This Thursday KQED’s live call-in program, Forum, hosted some of the contributors to the book Let Me Tell You Where I’ve Been, New Writing By Women of the Iranian Diaspora. From their comments it was clear that these Iranian-American women writers were careful not to fan the anti-Iran flames that have facilitated the Bush administration's plan to invade Iran. For example, one of the guests mentioned that Americans should not judge living conditions in Iran by what they see in Iranian movies. These films are dramatizations of Iran’s social issues, not literal reenactments. I saw her point immediately. Would we take the bleak and gut wrenching Oscar winner “Monster” as a snapshot of American life? Another guest mentioned that while her work does not paint a rosy picture of Iran, she does not wish to leave out what rosiness there is. One guest hinted at similarities between Iran and the United States regarding the erosion of civil rights and its connection to religious fundamentalism.
In response to this careful land-mine treading, American callers phoned in with attacks. Do you not lose credibility when you compare Iran’s theocracy with the influence of religion in American life? Where is the morality police in America? Where are the veiled women in America? Another caller phoned in his support. Michael Krasny, the host of Forum tried to shield his guests by correctly mentioning that these writers and poets are not experts on the policies of the Islamic Republic of Iran. Yet that did not stop the next caller from asking the panel to comment on Iran’s appointing Saiid Mortazavi to lead her delegation to the UN Human Rights Council. With this request the caller, Judy Stone, shelled with devastating accuracy an already hard to defend position. Among other human rights crimes Mortezavi is accused of complicity in the murder of Zahra Kazemi, the Iranian-Canadian journalist who died while in Iranian police custody. It was a moment of great tension in the show.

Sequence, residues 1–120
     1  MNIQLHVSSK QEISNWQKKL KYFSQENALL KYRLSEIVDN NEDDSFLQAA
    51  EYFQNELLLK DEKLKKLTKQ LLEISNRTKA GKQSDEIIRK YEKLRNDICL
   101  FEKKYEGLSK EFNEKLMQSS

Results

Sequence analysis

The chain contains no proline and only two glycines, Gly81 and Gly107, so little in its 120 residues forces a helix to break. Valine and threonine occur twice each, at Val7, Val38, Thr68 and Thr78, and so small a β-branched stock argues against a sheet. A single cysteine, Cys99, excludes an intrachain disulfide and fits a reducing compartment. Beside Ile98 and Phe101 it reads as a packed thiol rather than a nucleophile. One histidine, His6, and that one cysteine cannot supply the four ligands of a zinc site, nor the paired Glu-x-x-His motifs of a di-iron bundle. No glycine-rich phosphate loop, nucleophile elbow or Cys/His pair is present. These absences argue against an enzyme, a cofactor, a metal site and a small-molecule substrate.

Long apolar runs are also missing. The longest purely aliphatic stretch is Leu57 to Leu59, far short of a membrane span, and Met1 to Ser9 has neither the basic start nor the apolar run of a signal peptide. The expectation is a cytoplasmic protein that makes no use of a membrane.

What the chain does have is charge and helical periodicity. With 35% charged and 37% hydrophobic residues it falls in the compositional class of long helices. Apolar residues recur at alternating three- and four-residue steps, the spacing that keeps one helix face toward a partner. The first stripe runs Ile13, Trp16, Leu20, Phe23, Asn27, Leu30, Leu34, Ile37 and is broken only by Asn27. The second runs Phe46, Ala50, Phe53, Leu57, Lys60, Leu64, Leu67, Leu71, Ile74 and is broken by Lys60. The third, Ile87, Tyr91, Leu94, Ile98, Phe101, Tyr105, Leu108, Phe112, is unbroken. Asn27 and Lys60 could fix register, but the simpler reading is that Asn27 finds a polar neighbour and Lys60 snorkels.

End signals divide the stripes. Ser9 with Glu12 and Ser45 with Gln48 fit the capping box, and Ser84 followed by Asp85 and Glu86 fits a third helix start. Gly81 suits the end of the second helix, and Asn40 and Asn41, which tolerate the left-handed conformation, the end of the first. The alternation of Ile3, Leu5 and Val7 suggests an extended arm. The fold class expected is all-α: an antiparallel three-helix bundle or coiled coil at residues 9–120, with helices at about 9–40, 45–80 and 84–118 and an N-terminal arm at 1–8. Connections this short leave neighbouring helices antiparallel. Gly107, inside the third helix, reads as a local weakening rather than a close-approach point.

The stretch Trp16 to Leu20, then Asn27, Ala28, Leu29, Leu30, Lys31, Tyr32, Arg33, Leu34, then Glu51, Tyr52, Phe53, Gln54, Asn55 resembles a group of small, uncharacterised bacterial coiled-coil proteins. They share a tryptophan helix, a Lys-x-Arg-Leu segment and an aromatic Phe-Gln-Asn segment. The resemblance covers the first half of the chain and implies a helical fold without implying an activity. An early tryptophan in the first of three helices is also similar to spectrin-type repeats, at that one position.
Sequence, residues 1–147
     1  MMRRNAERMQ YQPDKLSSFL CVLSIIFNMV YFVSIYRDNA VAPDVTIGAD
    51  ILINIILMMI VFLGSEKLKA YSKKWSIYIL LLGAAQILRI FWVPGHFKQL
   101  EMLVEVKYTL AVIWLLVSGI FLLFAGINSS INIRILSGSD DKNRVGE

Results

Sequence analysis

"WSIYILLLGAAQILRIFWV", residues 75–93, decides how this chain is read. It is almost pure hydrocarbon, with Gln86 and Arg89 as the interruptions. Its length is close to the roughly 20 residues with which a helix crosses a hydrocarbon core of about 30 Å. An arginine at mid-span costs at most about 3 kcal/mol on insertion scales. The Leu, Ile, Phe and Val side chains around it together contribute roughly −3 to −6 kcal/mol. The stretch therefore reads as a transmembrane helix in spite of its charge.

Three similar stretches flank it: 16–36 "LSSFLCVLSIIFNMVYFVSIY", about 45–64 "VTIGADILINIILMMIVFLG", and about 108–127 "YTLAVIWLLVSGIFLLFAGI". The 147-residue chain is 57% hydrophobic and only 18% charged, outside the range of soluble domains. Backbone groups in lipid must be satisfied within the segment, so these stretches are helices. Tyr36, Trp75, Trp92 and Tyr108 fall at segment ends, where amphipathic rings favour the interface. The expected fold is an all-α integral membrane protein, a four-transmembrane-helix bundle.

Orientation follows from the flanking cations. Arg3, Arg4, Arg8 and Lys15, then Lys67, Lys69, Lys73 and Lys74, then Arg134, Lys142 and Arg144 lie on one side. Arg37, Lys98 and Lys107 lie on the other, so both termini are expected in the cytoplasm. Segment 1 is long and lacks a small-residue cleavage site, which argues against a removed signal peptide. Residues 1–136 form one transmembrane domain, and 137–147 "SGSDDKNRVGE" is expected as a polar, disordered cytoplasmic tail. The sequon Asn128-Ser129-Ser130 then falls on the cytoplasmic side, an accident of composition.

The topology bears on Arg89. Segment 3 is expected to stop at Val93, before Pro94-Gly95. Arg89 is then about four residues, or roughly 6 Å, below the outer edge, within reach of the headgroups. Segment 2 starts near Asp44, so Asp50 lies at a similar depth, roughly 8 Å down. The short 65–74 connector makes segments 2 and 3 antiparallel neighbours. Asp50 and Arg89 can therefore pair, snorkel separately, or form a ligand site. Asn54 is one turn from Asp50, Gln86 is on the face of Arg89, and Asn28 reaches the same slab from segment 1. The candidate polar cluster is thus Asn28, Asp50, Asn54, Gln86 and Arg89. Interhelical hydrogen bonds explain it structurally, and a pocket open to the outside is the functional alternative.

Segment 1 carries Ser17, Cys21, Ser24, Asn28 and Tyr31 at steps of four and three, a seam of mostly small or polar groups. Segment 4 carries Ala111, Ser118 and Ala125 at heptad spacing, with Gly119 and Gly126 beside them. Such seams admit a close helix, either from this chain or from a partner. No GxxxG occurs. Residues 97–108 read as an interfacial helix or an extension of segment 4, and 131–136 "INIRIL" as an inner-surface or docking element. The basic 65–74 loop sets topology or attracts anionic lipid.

Judy Stone is an author and former film reviewer for the San Francisco Chronicle. And she is no Iran hater. On the contrary I consider her to be an Iranophile, because her recent book Not Quite a Memoir devotes many pages to Iranian filmmakers. The philanthropic outlook of this book leaves no doubt that its author wishes to see Iranian artists thrive in a country that is worthy of their talent. She does not however seem to have caught on to the concern of the show’s guests: we live in a political environment where too much negative publicity on Iran could lead to the deaths of thousands of Iranians—millions in case of a nuclear attack-- and the destruction of this country’s heritage and infrastructure. How then to respond to the Judy Stones of America?
The best policy is to follow Iranian Noble Laureate Shirin Ebadi’s lead. Go ahead and say what you believe. Yes, Iran’s government must be held accountable for the death of Zahra Kazemi and for countless other human rights violations, but this does not in any way mean that the United States should invade Iran.
Like the baby’s real mother seeking Solomon’s justice we must make it clear that we do not support a regime change that may cost more lives than it saves. The pillars of human rights rest on the solid ground that life should not be sacrificed to principle. Confronted with rights abuse questions about Iran, our first human rights obligation is to make the questioner clarify his/her position on the subject of military intervention in Iran. “Before I answer that, I would like to know where you stand on the subject of the military invasion of Iran by the United States.” This is not an out of place request under the current circumstances. If the questioner approves of such an invasion then clearly his/her human rights concerns need further maturing. If however the questioner takes a clear stand against war with Iran we have succeeded in distinguishing a person of conscience from a warmonger masquerading as one.